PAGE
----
By: Robert Grace
May 23, 2013
GUANGZHOU, CHINA — PolyOne Corp. officials at Chinaplas launched a new color and design services business, highlighted recent applications of some of its products — from biopolymers to PET packaging additives — and discussed the firm's two recent major acquisitions of ColorMatrix Corp. and Spartech Corp.
Design once again is providing a cornerstone for strategic development for the $2.99 billion compounder and specialized polymers provider. At a May 20 media event, PolyOne unveiled its new InVisiO color and design services, which the firm said aims to help brand managers and designers evaluate color and design alternatives to accelerate the product development process. Tailored to private labels and brand owners, the service also can "strengthen brand equity and build marketplace excitement," according to Fernando Sanchez, [Luxembourg-based] global marketing director for PolyOne Color and Additives.
The name InVisiO is drawn from three components. Sanchez described the following aspects of those elements:
The company launched a related website (www.invisiocolor.com) the week prior to Chinaplas, and also rolled out a new, downloadable iPad application. It said InVisiO services are designed to support markets from packaging and electronics to appliances, consumer goods, and building and construction.
And it noted that customers who use these new services also will have access to the 12 PolyOne Innovation Centers around the world. One of those — at the company's headquarters in Avon Lake, Ohio — invested last year in 3-D printing capabilities, and the firm intends to install 3-D printers in more of its innovation centers going forward, according to Mark Crist, PolyOne's Asia vice president.
PolyOne's design centers and InVisiO service fit in nicely with the IQ PKG (www.iqpkg.com) group it acquired via the Spartech purchase. An integrated, in-house design service, IQ PKG aims to create innovative package designs that enhance the price-value relationship of customer's products, with a focus on aesthetics, functionality and sustainability.
In another design-focused effort, PolyOne highlighted its global collaboration with the Dutch firm Xindao and its Shanghai-based design studio XD Design. The three companies worked together in China, Europe and the United States to boost the content of renewable resources within the new XD Design Sunshine Solar Charger — a flower-shaped array of five solar cells that can charge cell phones and digital tablets.
The team ended up developing all the molded casing components for the charger from a custom-developed reSound biopolymer, which Xindao estimates will reduce the carbon footprint for the product by as much as 35 percent compared with alternative materials. The firm previously used ABS resin for the casings.
Ryan McSorley, head designer at XD Design, said: "We want our end users to have fun interacting with these products. We also want the chargers to be long-lasting, and as sustainable as possible." Based in Rijswijk, the Netherlands, Xindao has won seven of Germany's Red Dot design awards, and maintains design and manufacturing resources in China.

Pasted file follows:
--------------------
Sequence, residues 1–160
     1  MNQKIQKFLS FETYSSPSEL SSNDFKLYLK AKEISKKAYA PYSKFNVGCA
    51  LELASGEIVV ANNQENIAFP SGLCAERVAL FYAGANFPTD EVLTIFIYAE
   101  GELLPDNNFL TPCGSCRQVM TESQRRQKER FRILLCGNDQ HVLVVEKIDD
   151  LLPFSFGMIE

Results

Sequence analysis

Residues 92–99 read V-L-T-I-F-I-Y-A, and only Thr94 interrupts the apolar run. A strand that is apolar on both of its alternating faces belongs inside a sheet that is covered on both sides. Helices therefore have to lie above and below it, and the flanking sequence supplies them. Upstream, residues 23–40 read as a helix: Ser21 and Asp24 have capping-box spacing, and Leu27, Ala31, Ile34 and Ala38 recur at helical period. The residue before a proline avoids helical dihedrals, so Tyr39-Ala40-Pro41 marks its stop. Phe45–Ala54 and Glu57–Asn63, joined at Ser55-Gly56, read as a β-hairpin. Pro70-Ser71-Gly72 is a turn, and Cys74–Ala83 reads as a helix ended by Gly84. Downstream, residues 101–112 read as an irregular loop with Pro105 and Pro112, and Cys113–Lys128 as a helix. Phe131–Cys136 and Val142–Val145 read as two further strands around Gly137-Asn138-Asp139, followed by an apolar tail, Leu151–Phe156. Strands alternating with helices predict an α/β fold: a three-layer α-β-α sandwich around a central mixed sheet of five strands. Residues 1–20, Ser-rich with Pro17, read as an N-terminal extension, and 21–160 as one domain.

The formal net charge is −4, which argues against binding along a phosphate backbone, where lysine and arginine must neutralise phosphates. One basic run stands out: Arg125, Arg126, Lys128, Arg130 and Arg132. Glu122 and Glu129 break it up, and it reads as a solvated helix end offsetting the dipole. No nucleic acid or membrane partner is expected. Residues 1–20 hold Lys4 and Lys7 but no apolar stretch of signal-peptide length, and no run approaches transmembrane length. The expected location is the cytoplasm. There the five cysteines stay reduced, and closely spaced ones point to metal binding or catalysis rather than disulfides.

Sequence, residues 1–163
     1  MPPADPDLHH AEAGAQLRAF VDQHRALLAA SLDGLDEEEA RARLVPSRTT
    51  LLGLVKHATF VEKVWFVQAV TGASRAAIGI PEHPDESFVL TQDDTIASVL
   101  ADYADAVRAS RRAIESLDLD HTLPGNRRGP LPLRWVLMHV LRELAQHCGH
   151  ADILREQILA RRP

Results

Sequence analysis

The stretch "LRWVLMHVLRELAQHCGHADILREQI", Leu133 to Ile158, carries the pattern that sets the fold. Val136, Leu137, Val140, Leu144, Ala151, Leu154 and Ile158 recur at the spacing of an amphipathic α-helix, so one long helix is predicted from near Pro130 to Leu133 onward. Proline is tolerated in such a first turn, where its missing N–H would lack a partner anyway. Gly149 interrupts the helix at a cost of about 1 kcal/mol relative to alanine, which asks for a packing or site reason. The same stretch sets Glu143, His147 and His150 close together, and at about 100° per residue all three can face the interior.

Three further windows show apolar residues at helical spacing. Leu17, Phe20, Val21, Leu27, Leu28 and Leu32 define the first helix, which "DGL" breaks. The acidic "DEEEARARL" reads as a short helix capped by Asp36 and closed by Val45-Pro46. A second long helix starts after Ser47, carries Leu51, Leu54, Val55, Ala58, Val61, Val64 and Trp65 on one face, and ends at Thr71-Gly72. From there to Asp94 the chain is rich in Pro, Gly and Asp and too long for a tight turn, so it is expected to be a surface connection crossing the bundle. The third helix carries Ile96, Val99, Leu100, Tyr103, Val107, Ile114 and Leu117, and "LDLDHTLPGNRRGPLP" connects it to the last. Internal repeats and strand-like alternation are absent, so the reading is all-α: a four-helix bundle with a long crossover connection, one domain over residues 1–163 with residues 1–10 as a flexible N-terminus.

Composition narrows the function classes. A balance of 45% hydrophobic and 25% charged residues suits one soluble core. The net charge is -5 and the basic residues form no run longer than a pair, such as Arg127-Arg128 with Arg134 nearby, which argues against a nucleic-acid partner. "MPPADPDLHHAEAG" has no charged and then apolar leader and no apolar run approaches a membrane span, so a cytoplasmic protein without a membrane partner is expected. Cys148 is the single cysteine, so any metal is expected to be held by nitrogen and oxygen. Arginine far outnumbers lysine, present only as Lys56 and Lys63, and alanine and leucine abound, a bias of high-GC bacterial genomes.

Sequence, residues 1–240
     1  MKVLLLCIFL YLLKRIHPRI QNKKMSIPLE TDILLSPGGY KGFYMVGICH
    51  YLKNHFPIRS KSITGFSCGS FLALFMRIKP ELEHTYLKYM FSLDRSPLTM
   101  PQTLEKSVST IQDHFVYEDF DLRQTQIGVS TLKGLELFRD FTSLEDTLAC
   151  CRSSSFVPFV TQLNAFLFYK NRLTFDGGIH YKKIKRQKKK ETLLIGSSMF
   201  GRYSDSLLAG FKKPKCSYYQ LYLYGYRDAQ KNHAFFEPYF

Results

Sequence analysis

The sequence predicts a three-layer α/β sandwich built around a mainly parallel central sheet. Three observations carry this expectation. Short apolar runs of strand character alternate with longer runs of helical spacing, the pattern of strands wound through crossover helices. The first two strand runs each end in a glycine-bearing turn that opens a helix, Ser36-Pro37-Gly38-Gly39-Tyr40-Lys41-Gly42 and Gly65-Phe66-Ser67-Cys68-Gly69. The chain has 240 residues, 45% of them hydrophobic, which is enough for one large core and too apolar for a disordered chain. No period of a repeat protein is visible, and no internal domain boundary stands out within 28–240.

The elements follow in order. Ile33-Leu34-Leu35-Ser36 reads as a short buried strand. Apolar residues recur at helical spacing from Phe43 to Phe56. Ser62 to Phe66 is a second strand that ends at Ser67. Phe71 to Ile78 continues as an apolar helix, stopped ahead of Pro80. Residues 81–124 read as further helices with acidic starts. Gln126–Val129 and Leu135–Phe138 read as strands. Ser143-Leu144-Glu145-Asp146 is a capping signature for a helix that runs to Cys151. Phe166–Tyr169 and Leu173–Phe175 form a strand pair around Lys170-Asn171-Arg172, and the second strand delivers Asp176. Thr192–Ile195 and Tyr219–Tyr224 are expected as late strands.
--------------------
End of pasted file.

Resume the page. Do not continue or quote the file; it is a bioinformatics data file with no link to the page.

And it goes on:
Also on May 20, PolyOne's ColorMatrix subsidiary launched AmoSorb Plus, a high-performance oxygen-scavenging additive for PET packaging. The product is said to enhance container clarity with the aim of helping customers achieve aesthetic and recyclability goals. Because it is based on a previously approved technology, AmoSorb Plus does not require the regulatory approvals of a completely new material.
The product is a crystallized PET-based concentrate with a built-in catalyst to promote oxidation. Colormatrix says it offers product protection for non-carbonated foods and beverages such as teas and fresh fruit juices for up to six months or longer, depending on the container design.
Speaking to the $486 million acquisition of liquid colorants specialist ColorMatrix in late 2011, Crist said the operations were "easy to integrate" into PolyOne. He noted that the two firms had only about a 5 percent overlap in customers in the color business, between ColorMatrix's liquid colorants and PolyOne's color masterbatches. The transition was eased by the fact that ColorMatrix was "truly global," even before the deal, Crist said.
He also commented on PolyOne's $393 million purchase last fall of compounder and sheet extruder Spartech Corp. That business, which brought $1.2 billion in revenue to PolyOne's top line, has been rebranded as Design Structures & Solutions (DSS). The former Spartech was primarily a North American business before.
"With PolyOne's global footprint," Crist noted, "we see an incredible opportunity to take their [… solutions …] and exploit them on a global scale." That said, there is still much work to be done in North America, he said, before the DSS technologies can be aggressively expanded abroad.
The Spartech deal officially closed only in mid-March, so Crist — who also is PolyOne's VP of global key accounts – said they have had to wait before they could start addressing demands from customers outside of North America for access to the unit's thermoformed sheets.
As for the perception that acquiring a sheet thermoformer would vault PolyOne into competition with some of its processor customers, Crist acknowledged that "conventional wisdom" would lead one to believe that such a deal would be fraught with conflicts of interest. But, in fact, he said, "we found very little overlap, and more synergies than conflict."
Finally, Crist hinted, PolyOne is not done being the aggressor. "We are not stopping our acquisition hunt after Spartech," he said. "This is an attractive area."